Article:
Suggesting at least one reason he might have aggressively pursued the job in the first place, attorneys for President Donald Trump are arguing that he cannot be sued in state courts—for sexual harassment, to name one charge at random—while he’s in office. Specifically, Trump’s long-time attorney, Marc Kasowitz, is arguing that former Apprentice contestant Summer Zervos’ case against Trump—in which she says that the former reality show host kissed and groped her without her consent during a “meeting” in his hotel rooms—be thrown out on constitutional grounds.
This isn’t the first time a U.S. president has asserted his immunity to being sued for past conduct while in office. (Or, depressingly, even the first time it’s specifically related to being shitty to women in hotel rooms.) Back in 1997, Bill Clinton argued—in Clinton v. Jones, centered on Paula Jones’ assertions that Clinton sexually harassed her while he was governor of Arkansas—that civil cases against the president should be dismissed or deferred until after they leave office. Clinton’s argument was two-fold: first, that suing the president would violate separation of powers by allowing the judicial branch to “burden” the White House with legal demands, and second that the unique demands and time pressures of the presidency were too important to allow civil actions to distract from them.
The U.S. Supreme Court ruled against Clinton, rejecting the first assertion outright, while being hypothetically sympathetic to the second, with Justice John Paul Stevens writing, “The high respect that is owed to the office of the Chief Executive, though not justifying a rule of categorical immunity, is a matter that should inform the conduct of the entire proceeding, including the timing and scope of discovery.” (While Clinton eventually won the case itself, his conduct at the trial—and later revelations about witness Monica Lewinsky’s own “high respect” for the office of the Chief Executive—later led directly to his impeachment proceedings.)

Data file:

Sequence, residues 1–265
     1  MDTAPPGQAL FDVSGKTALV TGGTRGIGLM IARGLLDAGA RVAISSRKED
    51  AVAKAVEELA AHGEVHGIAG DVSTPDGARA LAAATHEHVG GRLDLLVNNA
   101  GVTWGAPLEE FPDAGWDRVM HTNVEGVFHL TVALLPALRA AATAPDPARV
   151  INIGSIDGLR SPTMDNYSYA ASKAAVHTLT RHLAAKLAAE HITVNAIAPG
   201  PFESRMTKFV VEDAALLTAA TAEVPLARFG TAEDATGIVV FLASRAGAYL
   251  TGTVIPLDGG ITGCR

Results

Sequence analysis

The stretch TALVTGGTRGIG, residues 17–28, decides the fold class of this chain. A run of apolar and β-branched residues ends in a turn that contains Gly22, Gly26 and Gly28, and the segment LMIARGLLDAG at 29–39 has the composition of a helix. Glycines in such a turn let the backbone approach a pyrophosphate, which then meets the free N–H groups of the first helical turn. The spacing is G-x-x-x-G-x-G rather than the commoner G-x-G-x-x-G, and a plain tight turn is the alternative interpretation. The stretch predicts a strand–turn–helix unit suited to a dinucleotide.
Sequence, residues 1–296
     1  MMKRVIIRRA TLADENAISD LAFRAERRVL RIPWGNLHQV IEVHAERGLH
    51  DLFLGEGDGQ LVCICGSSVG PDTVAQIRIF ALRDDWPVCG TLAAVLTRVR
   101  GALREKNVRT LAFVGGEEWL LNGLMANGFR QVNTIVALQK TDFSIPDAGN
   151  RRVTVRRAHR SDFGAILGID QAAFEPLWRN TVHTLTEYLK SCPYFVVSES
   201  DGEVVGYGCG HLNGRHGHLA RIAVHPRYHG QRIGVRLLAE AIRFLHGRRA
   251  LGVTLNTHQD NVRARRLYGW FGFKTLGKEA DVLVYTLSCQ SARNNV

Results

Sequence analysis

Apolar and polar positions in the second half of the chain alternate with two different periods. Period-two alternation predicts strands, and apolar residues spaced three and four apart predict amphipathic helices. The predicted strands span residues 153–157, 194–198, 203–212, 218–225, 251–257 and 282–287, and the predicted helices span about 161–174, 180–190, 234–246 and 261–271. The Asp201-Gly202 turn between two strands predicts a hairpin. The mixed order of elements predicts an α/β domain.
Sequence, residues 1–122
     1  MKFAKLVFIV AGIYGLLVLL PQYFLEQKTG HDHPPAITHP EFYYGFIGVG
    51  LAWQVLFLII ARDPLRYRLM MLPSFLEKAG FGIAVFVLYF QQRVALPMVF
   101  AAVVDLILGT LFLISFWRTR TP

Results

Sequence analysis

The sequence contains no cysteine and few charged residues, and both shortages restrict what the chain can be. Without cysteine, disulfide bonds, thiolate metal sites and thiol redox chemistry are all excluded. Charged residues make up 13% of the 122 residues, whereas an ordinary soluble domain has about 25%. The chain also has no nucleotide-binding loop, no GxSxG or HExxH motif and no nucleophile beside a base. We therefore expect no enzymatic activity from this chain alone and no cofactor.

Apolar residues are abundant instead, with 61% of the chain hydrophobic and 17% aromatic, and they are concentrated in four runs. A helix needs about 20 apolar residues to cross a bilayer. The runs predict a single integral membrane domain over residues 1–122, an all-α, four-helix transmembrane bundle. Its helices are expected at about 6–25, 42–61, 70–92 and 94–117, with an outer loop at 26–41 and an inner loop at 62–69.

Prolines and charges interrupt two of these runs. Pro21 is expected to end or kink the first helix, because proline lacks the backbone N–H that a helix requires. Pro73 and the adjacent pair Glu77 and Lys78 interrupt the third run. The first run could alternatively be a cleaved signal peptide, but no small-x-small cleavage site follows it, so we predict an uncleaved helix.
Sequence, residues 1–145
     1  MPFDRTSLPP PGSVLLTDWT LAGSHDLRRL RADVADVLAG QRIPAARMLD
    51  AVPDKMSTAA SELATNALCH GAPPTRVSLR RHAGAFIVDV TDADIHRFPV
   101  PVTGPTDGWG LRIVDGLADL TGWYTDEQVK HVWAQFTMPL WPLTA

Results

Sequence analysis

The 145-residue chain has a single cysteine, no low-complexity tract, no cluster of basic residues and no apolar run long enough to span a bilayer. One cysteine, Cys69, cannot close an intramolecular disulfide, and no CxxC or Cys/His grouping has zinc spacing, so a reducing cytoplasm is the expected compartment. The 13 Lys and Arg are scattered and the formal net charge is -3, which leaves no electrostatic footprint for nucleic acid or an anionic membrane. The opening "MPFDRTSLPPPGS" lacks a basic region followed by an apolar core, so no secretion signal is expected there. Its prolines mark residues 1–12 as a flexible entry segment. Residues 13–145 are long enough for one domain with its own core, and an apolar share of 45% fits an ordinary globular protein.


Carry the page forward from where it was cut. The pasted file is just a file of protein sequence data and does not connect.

Conventional wisdom says that Clinton v. Jones shut the door on presidential arguments of immunity to civil suits. (The ability of the courts to charge the president in criminal cases, meanwhile, has never been in dispute.) But Trump’s lawyers—who are also invoking the “But we’re too busy to be sued!” approach, in the meantime—are taking a slightly different, still technically untested tack for their dismissal attempt. Kasowitz informed the Manhattan Supreme Court today that he’ll be arguing that the case be thrown out on the basis of its supposed violations of the Supremacy Clause of the U.S. Constitution, which says that federal authority and laws supercede those of the states. Hence, Kasowitz argues, Zervos’ case is invalid, since it would involve a state court passing judgement on the head of the executive branch of the federal government.
While that bit of chilling potential precedent is still up in the air, Trump’s team is working to drop a shitty cherry on the legal immunity sundae they’re busy whipping up. Invoking another part of Clinton v. Jones, they’re arguing that the presidential immunity question should be split off and addressed separately from—and in advance of—Zervos and lawyer Gloria Allred’s actual sexual harassment complaints. The upshot would be to focus the conversation (potentially permanently) on a legal discussion of Constitutional law, and not the actual question of whether the president of the United States forced himself on a woman without her consent.